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Eisenhart paints an ambitious plan for 2018

TJ Eisenhart takes the reins as Holowesko-Citadel's GC rider, but he's found an artistic way to unwind in the off-season as well.

For TJ Eisenhart, the 2017 off-season was a time to paint.

Eisenhart spent the offseason at his home in Ivins, Utah, where the daytime temperatures rarely dip below freezing in the winter. Each afternoon, Eisenhart pedaled his bicycle along the backroads of southern Utah. Every morning, he ventured into his garage to splash acrylic paint onto canvas.

“I found out I need art to balance my life,” Eisenhart said. “When I’m in my studio, I’m not thinking about cycling. When I’m on my bike or in a race, I’m not thinking about art.”

Eisenhart painted a picture of the Buddha, and he painted a lion, and an elephant, and a snow leopard. When Eisenhart’s sister asked him to help decorate her son’s astronaut-themed bedroom, he painted a picture of a spaceman flashing the peace sign. Eisenhart posted an image of the astronaut on his social media, and he received multiple requests to purchase the image. So he painted more spacemen.

He called his painting “The Explorer.”

“I wanted him to be a representation of me,” Eisenhart said. “Don’t be afraid to explore your mind and your new surroundings.”

The Explorer is a fitting image for Eisenhart as he embarks on an ambitious 2018 campaign with his Holowesko-Citadel team. At 23, Eisenhart is stepping into unexplored territory. He is now the team’s GC leader for stage races, following the departure of longtime captain Robin Carpenter to Rally Cycling. And Holowesko has stepped up to UCI Professional Continental status in 2018, a move that will send the team to South America and Europe. So Eisenhart could wind up leading the team on both sides of the Atlantic.

The move came about after Holwesko secured a presenting sponsorship by Arapahoe Resources, an energy company based in Oklahoma City. Sports Director Thomas Craven said the team is still committed to the U.S. domestic circuit, but with an international flair.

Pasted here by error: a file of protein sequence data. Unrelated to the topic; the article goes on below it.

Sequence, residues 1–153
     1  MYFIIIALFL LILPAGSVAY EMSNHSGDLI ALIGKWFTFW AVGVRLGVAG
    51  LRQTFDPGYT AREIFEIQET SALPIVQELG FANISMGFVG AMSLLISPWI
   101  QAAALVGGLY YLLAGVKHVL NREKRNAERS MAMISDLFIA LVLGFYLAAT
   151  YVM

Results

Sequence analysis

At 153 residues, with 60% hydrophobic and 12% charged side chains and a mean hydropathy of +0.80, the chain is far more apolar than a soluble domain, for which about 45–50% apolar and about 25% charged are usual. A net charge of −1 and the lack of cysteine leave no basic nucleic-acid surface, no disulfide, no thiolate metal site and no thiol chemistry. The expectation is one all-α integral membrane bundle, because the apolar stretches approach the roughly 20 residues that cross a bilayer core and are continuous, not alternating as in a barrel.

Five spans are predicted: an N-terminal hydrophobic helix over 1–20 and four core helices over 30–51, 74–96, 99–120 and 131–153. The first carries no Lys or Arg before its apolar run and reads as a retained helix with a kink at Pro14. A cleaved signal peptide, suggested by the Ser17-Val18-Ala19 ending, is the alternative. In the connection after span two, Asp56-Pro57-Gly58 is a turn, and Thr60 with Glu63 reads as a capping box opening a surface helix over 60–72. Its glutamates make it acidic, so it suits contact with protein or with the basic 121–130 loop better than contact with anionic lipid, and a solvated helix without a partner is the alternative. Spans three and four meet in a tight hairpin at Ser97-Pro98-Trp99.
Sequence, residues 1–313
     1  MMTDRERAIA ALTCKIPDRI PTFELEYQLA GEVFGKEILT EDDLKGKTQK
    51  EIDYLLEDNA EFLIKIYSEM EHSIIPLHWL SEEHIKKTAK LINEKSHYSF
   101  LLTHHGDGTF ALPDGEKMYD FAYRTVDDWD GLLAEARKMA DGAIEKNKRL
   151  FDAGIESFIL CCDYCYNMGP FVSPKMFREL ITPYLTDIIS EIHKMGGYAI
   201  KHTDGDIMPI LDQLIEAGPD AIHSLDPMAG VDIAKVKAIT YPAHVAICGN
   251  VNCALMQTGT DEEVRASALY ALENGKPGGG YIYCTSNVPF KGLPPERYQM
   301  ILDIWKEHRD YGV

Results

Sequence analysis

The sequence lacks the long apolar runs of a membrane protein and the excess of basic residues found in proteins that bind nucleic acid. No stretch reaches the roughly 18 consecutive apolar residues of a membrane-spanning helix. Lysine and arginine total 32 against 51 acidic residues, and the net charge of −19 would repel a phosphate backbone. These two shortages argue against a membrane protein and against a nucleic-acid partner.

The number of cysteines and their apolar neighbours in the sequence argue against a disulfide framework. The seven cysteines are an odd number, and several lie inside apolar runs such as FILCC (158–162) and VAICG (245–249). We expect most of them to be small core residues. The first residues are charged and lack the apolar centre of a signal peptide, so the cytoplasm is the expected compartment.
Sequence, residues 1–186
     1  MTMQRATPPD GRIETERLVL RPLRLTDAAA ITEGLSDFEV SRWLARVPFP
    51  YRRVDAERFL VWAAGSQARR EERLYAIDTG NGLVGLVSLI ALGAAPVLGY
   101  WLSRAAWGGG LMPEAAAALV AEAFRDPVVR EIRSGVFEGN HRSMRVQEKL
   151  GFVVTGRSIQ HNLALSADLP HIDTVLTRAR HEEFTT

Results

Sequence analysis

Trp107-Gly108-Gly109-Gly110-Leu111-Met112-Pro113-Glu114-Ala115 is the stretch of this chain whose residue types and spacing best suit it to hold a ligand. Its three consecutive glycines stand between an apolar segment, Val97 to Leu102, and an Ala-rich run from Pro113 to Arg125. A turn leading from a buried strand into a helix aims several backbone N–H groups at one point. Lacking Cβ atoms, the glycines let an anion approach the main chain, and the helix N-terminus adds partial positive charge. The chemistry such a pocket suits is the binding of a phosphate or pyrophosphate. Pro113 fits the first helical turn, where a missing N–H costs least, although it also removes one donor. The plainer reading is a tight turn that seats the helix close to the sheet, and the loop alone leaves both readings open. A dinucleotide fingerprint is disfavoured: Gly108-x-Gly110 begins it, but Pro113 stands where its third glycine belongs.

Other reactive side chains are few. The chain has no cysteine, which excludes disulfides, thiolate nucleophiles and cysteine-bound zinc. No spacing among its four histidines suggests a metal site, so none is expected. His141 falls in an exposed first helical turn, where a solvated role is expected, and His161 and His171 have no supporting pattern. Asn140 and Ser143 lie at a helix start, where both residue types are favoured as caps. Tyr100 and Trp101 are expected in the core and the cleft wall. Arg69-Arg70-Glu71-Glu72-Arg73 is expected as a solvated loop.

Holowesko starts its season off in Colombia at the new Oro y Paz stage race. The team will then target a handful of European UCI 2.2 and 2.HC races in March and April, such as French races Tour de Normandie and Circuit des Ardennes International, and the Tour of Croatia. During that block, other riders will compete in the springtime American races.

“We will take eight or nine guys over [to Europe], but I’ll be phasing them in and out of the races,” Craven said. “You never know how guys will end up after hard races over there.”

Craven said the team will lean heavily on Eisenhart’s expertise during this block of racing. Eisenhart spent four years competing in European development races as a member of BMC’s U23 squad.

“TJ is ready to step up,” Craven said.

Eisenhart says he welcomes the leadership role and the pressure that comes with it. In 2017 he led the team to the overall victory at the Redlands Bicycle Classic after riding in support of Carpenter at the Joe Martin Stage race. When Carpenter crashed out of the Tour of Utah with a concussion, Eisenhart became the team’s leader in that race and at the Colorado Classic.

“I leaned a lot on [Carpenter] and watched how he led the guys and motivated the guys,” Eisenhart said. “It feels right to [be a team leader]. For the first time, it feels like the fog has cleared in my mind and I can see the potential I have in myself.”

To prepare for his step up, Eisenhart has revamped his training regimen. In late 2017 he began training under the guidance of Bobby Julich, the team’s new performance director. The move brought a new level of structure and focus to Eisenhart’s training rides. Now, even short rides include specific drills for cadence and power.

In previous years, Holowesko’s riders worked with their coach of choice. Now, the entire team trains under Julich’s direction.

Eisenhart has already noticed a difference. During the squad’s January training camp in Greenville, South Carolina, training rides were structured around specific drills and race simulations. In one drill, the team split into groups of four and took turns sprinting. In another drill, the group practiced lead-out duties for team sprinter John Murphy.

“Last year it felt like we were doing whatever we wanted — day two and we were already busting our [legs],” Eisenhart said. “This year every day is planned. It feels more professional.”

The added focus and budget has not changed the team famously laid-back attitude, however. As in years past, the team operated its training camp out of the Swamp Rabbit Lodge, a quirky inn in Greenville. Craven said the team’s primary goal is to have fun, even with the European goals and added sponsors.

In that effort, Eisenhart is perhaps the best option to lead Holowesko. He has the legs to win races, and the quirky attitude to cut through the pressure. A self-described hippie, Eisenhart wears a chunky turquoise necklace during races and often sports a decorative poncho at the team bus.

And yes, he paints.

Eisenhart said art helped him continue his career in cycling. He nearly quit the sport two seasons ago and took art classes at the nearby Dixie State University, where he learned to sketch with charcoal and paint with an airbrush. The relaxation of art helped him compartmentalize the demands of pro cycling.

“When I’m at my limit with [cycling], I can switch over,” Eisenhart said. “I needed that balance in my life.”